I read  Ethnic Distinctions, No Longer So Distinctive in the Times when it was first published a couple months ago.  I’ve returned to the article several times trying to find the catch.  The article opens:

If anyone still doubted, after President Obama’s election, that candidates are no longer prisoners of their race or ethnicity, then South Carolina’s Nikki Haley offers further proof. Ms. Haley, 38, was born Nimrata Nikki Randhawa, the daughter of Indian Sikh immigrants. Now she is the Christian, Republican nominee for governor in a state with a brutal history of racial oppression.

What’s notable about Ms. Haley’s campaign, like that of Mr. Obama and other candidates, is not just that she has breached a racial and cultural barrier, but that she doesn’t feel the need — or the desire — to talk much about it.

Matt Bai goes on to write:

This blurring of racial and ethnic lines is, for the most part, deeply inspiring, the manifestation of hard-won progress.

Bai appears to celebrate the predictable result of what I’ll call the Color-Blind Ideal, this notion that one can walk into a room of people and just see people and not color (race, ethnicity).   Back in the 1990’s a  professor of mine called attention to the insidiousness of an ideal rooted in not seeing a person.  What does it mean to be color blind?  Is it not possible to SEE diversity, experience diversity, and at the same time treat people fairly and equitably?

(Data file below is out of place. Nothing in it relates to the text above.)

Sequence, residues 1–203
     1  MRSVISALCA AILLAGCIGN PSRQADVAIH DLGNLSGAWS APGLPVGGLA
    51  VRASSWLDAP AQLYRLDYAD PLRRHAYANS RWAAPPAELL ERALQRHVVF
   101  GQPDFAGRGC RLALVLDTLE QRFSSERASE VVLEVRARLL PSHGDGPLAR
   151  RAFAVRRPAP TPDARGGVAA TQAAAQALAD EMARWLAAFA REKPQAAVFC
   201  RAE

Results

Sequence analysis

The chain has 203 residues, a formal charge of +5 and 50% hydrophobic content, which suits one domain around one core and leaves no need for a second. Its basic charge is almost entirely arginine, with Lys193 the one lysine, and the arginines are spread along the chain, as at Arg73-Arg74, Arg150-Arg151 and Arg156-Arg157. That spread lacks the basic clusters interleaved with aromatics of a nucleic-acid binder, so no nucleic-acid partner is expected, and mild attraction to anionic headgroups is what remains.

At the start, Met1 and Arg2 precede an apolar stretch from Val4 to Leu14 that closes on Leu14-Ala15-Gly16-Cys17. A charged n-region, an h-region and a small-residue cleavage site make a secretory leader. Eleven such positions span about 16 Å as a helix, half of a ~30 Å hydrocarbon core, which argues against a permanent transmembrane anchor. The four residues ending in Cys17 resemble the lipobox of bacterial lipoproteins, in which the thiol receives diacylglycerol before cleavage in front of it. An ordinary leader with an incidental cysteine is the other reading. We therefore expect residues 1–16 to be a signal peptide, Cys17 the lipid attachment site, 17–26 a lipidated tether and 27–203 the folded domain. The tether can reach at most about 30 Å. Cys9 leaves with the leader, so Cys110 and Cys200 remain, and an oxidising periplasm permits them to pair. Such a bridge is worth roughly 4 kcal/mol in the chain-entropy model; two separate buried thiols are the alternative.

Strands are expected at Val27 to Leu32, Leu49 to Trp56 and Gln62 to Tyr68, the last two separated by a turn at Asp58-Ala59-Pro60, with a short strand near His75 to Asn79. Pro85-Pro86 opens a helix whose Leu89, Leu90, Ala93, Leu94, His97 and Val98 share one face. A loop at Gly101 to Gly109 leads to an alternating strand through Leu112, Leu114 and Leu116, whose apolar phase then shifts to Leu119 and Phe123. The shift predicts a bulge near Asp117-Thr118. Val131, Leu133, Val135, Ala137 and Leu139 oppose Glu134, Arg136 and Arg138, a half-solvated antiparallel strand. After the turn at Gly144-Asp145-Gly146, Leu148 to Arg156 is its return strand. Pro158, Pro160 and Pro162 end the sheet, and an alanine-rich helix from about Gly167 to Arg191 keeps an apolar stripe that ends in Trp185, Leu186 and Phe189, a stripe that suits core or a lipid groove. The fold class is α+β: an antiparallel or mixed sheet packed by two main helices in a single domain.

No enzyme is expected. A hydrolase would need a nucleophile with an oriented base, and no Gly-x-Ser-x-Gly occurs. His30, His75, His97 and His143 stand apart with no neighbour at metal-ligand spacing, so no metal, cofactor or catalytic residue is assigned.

So voters can move beyond the fact that Nikki Haley has a mildly brown hue as long as there are no other obvious connections to her Indian, Sikh ancestry and as long as she doesn’t talk about her ancestry… and this represents progress?  For me the article reads like dark comedy.   Que the eighties makeover sequence where Nimrata shortens her name to Nikki, embraces Christianity and doesn’t care much to talk about her Indian ancestry.   Is this a necessary step?  If “Nikki” can be elected today, does that make it more likely that “Nimrata” can be elected in the future?

P. S.
Many critiqued Chris Matthews for his comments following a speech by President Obama, comments that seemed born out of the color blind ideal.  Matthews said that he forgot that Obama was black for an hour and that Obama was post-racial.  (Matt Bai refers to Nikki Haley as a post-racial politician.)   Freedom Eden recaps The Daily Show’s negative critique here. The Take Away interviews David Wall Rice, assistant professor in department of psychology at Morehouse College in Atlanta, who gives a more nuanced critique:

DavidJW left the following comment at The Take Away:

Chris Matthews is okay is my book, his comment simply solidifies the fact that White America are working towards not looking at individuals based on the color of their skin. Come on people, we’re making progress…

As to the above comment, in the past I thought the words “skin color” included reference to a wider cultural identity. Did that meaning change over time or did I misunderstand? Is it skin color diversity (YES) but cultural diversity (No)?